22_8* It must be acknowledged, however, that a belief in witchcraft was prevalent in Transylvania until very lately. "The lower class among the Hungarians will not give it up easily. Not long ago, a Szekler woman in Ungrisch Kreutz wanted to proceed against another woman for having bewitched her. Among the Saxons also, old Wallack women are sometimes accused of witchcraft." (Friedrich Müller, `Beiträge zur Geschichte des Hexenglaubens and des Hexenprocesses in Siebenbürgen.')

22_9* "Not only you, but your children will be cursed, if you vote for tho Count;"-words of the pope at B-, to those who voted at the elections for a well-known Hungarian nobleman, a man of great ability. Those who did so were interdicted from entering the church.

22_10-j-t I once asked a Saxon clergyman, who knew thoroughly both the people of his own and the Wallack nations, if the stolen cattle " were taken generally by Wallacks ? "-" Not generally," was the answer ; "always, I may say."

It is the true interest of any government that its subjects should be enlightened; and that the darkness of those who have so much influence should receive some illumination, is specially important; for the power of the popes to raise their co-religionists to a higher state is far from insignificant, and the Government would do well to use its influence in having fitter men appointed as spiritual teachers. A few thousand florins annually set aside as a dotation for the Greek Church, would be well employed, and would bear good interest.*22_11 If decently paid, a better class of men could justly be claimed for the priestly office; and there would be an end of such sights as a pope toiling for fivepence a day, with other labourers, as a navvy.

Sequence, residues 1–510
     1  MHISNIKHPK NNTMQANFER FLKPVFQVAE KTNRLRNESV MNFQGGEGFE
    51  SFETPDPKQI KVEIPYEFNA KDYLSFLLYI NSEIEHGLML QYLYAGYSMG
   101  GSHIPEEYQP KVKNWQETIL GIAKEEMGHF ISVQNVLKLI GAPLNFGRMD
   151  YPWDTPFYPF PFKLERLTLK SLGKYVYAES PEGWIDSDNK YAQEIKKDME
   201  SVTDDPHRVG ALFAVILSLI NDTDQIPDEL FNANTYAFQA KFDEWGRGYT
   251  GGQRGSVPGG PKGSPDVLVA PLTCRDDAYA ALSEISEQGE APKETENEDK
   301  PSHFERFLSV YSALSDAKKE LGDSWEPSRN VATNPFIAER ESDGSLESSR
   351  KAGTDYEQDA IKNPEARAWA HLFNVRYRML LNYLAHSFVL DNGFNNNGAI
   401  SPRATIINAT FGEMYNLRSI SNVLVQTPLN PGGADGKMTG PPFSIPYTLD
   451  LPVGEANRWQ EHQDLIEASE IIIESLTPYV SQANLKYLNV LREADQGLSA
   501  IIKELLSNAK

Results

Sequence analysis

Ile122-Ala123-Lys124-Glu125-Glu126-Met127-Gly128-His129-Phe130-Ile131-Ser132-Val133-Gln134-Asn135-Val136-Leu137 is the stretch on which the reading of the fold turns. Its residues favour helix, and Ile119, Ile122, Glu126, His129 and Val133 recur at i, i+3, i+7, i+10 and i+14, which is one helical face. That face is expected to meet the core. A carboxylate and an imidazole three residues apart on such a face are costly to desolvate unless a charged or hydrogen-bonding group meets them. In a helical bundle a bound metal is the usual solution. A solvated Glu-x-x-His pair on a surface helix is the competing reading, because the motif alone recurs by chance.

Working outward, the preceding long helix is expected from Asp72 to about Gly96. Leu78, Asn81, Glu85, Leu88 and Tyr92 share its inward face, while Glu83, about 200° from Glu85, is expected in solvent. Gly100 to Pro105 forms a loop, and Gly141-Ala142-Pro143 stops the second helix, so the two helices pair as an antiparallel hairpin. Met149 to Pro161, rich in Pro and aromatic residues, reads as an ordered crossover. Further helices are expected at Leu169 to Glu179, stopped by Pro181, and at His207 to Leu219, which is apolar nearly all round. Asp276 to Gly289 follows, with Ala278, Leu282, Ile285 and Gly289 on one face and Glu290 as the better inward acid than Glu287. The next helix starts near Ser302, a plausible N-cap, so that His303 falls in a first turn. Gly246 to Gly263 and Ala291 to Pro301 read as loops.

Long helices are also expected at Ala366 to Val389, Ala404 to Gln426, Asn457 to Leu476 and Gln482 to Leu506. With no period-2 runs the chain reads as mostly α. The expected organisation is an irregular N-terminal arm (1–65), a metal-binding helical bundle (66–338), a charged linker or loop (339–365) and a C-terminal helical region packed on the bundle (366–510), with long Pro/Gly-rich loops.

22_11* Lately, I believe, a small sum has been devoted to this purpose, but it is too little to be of any utility.

The priests of the Greek Church are chosen by the parishioners, and presented to the bishop to be ordained. As it is rare that a commune has glebe-land belonging to it, or a fund out of which the pope is paid, his salary consists of burial, christening, and other fees, and the free gifts of the parishioners. Being so small, it is therefore often necessary to choose for ordination some individual of the parish who has land or income of his own, in order to be able to live. The bishop, who resides at Hermannstadt, is named by the Emperor, and receives, be- sides 4000 florins a year, the ordination fees for the whole land. The arclipriests are very superior to the ordinary priests ; they are men of a certain education. The " Unirte" Latin Church is richly endowed by the State; and the popes or priests are supported by the proceeds of the land belonging to each living, by church fees, and gifts in labour and produce on the part of the parishioners. The archbishop, whose jurisdiction extends over a part of Hungary and the Banat, has his seat at Blasendorf. I have been told that, in some places, the priests do not well know if they are " Unirt" or not.

From all you hear of these churches, especially of the Oriental one, and at every step throughout the land, you may add to your stock of unfavourable experience ; it is clear that the degeneracy is as great as it is possible to be: open corruption and bribery*22_12 in high places; ignorance, superstition, licentiousness, insubordination in the lower ones. At a place where I was, the discharged priest had still continued to marry couples, and, as church or altar, selected a tree,-I passed the thick pollard on my road,-which thus obtained the name of the "marrying tree." The same man once came to the Protestant clergyman to ask him for "paper that was written on;" and, accordingly, the pastor gave him some of his daughter's old copy-books. Not long after, strips cut out of these books were shown him, as being "marriage certificates," which the pope, not being able to write himself, had given to the happy couples he had joined in matrimony.